Heat unfortunately inspired Larry Phillips, Jr. and Emil Mătăsăreanu in their robberies of banks and armoured cars until they were stopped by police leading to a shootout that echoed Heat’s finale – Phillips and Mătăsăreanu, wearing heavy body armour, were eventually killed but only after they had wounded eleven police officers and seven civilians in a gun battle lasting 44 minutes.
When Rod Ansell went on a solo fishing trip in May 1977 he couldn’t have imagined that he’d find himself in grave danger and also become the inspiration for one of the biggest movies of all time. After his boat capsized, Ansell was left with a minimum of equipment to survive in the Australian Outback (a rifle, a knife and some bedding), having to resort to hunting buffalo and drinking their blood as there was no water to be found while sleeping in a tree at night to avoid crocodiles. However, he didn’t manage to avoid all the crocs and ended up killing a 16ft one who’s head he kept as a souvenir. After 56 days in the wild, Rod Ansell was rescued by two Aborigines and became a press sensation although his tale was exaggerated in parts as he claimed that his boat was sunk by a whale. Locals also were suspicious of his tale as they felt he could have followed the river downstream to find settlements (a common survival technique) and his story gained more scrutiny after it transpired that he had been poaching crocodiles. In a 1981 interview with Michael Parkinson conducted in Sydney, Ansell expressed his confusion with his hotel accommodation stating that he had slept on the floor instead of the bed and that he couldn’t work out what the bidet was for. While Paul Hogan denied that Rod Ansell was the inspiration for Mick ‘Crocodile’ Dundee, it was clear that wasn’t the case, with Hogan’s production company eventually admitting the truth. Ansell was unsuccessful in his attempt to sue for royalties, becoming bitter about Hogan’s massive wealth made from his likeness, eventually spiralling into drug use which would result in him being killed in a shootout with police.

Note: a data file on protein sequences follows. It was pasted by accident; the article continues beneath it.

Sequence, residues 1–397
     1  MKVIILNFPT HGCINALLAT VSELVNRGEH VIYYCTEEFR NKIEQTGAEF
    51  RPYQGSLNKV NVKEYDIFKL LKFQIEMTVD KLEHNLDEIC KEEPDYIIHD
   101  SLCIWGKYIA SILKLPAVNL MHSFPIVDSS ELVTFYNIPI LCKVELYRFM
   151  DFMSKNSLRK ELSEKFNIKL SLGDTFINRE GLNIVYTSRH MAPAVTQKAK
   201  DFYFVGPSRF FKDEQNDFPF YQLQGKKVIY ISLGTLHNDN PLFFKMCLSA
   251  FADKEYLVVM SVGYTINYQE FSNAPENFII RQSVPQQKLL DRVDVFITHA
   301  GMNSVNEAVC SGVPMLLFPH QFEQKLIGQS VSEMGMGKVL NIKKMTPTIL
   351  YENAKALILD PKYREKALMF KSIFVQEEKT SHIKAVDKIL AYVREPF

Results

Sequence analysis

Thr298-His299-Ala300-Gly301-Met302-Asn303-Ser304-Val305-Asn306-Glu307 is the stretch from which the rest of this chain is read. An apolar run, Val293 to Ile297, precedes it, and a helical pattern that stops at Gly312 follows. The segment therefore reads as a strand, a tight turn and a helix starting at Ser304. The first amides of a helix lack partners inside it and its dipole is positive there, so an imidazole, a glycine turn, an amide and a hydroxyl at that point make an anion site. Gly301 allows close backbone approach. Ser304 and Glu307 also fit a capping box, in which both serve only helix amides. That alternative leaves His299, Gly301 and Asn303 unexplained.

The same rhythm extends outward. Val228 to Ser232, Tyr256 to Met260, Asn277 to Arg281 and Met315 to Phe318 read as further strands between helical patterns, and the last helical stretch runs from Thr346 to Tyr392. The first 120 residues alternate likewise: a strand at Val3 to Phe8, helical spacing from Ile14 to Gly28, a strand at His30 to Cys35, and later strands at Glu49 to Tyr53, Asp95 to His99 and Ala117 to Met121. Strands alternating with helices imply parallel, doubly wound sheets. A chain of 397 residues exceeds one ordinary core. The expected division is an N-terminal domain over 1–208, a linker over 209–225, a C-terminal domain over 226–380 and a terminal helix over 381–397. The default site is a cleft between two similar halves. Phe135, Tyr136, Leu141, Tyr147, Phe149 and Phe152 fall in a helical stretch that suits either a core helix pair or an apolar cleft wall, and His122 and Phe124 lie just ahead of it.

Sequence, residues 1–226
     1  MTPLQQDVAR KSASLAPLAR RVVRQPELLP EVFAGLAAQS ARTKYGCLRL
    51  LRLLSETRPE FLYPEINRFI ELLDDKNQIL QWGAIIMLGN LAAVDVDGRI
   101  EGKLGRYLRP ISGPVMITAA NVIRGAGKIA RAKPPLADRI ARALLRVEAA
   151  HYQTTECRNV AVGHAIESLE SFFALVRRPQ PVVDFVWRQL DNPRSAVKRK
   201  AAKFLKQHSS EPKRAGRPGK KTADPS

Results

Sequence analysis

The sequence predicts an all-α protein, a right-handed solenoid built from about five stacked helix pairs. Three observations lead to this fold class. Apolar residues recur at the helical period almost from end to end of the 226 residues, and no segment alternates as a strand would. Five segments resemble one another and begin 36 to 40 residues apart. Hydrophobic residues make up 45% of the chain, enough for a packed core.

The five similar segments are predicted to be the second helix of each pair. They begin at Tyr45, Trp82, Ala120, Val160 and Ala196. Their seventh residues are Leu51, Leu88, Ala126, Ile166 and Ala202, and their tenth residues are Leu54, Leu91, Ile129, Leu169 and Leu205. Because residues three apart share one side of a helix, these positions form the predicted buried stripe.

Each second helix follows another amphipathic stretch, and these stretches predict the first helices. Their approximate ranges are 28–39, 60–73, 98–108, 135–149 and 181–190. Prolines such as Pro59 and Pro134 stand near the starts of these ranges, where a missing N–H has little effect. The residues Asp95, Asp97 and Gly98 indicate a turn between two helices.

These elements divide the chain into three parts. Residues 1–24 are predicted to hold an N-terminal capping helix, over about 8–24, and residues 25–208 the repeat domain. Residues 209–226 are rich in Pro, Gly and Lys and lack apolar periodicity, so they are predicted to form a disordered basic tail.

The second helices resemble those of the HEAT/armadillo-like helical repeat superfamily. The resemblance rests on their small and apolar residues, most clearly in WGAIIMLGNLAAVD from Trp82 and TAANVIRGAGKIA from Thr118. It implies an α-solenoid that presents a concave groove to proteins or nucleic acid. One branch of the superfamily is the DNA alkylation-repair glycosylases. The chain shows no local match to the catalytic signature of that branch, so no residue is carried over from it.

Ever heard of Marcus Luttrell? He was a US Navy SEAL deployed in Afghanistan who was the only survivor of a four man team after they were attacked by Taliban insurgents. Luttrell suffered a broken back, shrapnel injuries and numerous fractures, returning to the US base with the help of local villagers. After healing up he went back into action but ended up with another spinal injury which lead to his discharge from the Navy. Upon returning home he wrote the book Lone Survivor about his experience, which became a movie starring Mark Wahlberg. This part of his life is well known thanks to the movie but what people aren’t generally aware of is an incident four years after the one in Afghanistan.
At 1 AM on April 1st 2009 Luttrell was woken at home by a gunshot. Looking out of his window he saw three men running to a car leaving Luttrell’s Labrador behind who they had fatally shot, a dog that he had been given to help him heal from Afghanistan. Picking up two 9mm Beretta pistols he gave chase and pursued the men across four counties until they were apprehended by police. Despite threats to kill him, Luttrell didn’t open fire on the men, stating that “I was trying to talk myself out of being who I am, talking to myself about not doing the one thing I am good at.”